Why Hillary Clinton Isn't At The DNC

The second night of the Democratic National Convention was filled with star-studded talent, from a performance by Alicia Keys to an impassioned speech from (soon-to-be First Husband) Bill Clinton. But of course, the evening couldn't be truly complete without a little teaser from Hillary Clinton herself — and she delivered. To the surprise of the roaring DNC crowd, Clinton wrapped up the evening's celebration with an unscheduled appearance over satellite. And while Clinton's broadcast from New York was exciting, it leaves viewers wondering: why isn't Clinton actually at the DNC now?

For those who tuned into the doom-and-gloom fest that was the Republican National Convention, it seemed as though Republican nominee Donald Trump was just about everywhere. Trump even introduced his wife Melania before giving her speech (remarks that, consequently, set off the first major controversy of the convention due to true plagiarism allegations).

But like in most things in the former reality television star's life, it looks like his ego probably got the better of him — it actually isn't customary for the candidate to appear at all before accepting their nomination on the final night. So while Trump paraded around the Quicken Loans Arena like he owned the place, Clinton's decision to fly into Philadelphia near the close of the convention isn't out of the ordinary.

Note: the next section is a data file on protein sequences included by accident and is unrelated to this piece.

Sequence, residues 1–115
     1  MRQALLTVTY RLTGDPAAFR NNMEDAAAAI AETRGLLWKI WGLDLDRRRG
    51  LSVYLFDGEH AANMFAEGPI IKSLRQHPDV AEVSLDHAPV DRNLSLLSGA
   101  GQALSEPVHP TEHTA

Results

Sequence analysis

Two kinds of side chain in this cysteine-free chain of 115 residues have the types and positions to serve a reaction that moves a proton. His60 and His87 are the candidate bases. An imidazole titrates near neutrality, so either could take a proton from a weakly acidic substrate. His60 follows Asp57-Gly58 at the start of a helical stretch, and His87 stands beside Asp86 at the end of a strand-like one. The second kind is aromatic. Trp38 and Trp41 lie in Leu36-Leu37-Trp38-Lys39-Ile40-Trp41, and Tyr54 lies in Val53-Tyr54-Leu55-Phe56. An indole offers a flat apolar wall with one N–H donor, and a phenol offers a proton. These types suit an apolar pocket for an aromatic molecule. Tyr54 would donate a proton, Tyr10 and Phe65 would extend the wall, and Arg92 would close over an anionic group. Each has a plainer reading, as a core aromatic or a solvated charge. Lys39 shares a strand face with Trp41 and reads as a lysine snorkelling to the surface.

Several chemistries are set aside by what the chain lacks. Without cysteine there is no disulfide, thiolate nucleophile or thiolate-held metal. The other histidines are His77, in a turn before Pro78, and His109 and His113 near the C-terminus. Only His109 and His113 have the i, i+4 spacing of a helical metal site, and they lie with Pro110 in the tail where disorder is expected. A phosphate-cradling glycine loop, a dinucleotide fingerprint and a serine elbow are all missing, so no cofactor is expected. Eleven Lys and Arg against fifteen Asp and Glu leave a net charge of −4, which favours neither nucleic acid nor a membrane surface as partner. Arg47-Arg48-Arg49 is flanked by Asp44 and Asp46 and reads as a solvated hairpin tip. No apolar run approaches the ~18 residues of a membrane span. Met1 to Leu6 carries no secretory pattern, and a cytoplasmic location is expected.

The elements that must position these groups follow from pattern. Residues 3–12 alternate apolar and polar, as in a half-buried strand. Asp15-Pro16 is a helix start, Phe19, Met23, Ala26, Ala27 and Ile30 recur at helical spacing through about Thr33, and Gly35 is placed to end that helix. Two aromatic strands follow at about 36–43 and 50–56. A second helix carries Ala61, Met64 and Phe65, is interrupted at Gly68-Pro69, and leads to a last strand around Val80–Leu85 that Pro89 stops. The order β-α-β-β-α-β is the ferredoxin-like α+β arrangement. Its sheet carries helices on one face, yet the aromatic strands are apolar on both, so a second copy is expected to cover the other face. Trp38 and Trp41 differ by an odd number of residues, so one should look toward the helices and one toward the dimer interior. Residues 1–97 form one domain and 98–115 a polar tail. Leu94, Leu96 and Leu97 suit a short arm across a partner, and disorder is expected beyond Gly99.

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And if Clinton's short speech Tuesday night was any indicator, her acceptance speech will be even more phenomenal. In her remarks, Clinton told the crowd:

What an incredible honor that you have given me. And I can't believe we just put the biggest crack in that glass ceiling yet. This is really your victory, this is really your night. ...If there are any little girls out there who stayed up late to watch, let me just say I may become the first woman president but one of you is next.

The candidate is slated to speak Thursday evening, when she will formally accept her party's nomination. The history of that night cannot be overstated — from women earning the right to vote less than 100 years ago to the first woman becoming a presidential nominee, that glass couldn't be getting any weaker.

And Clinton's reference to the glass ceiling is one she will undoubtedly use as a major and much-deserved theme in her nomination speech (there will probably be plenty of young girls that will stay up late to watch that one, too).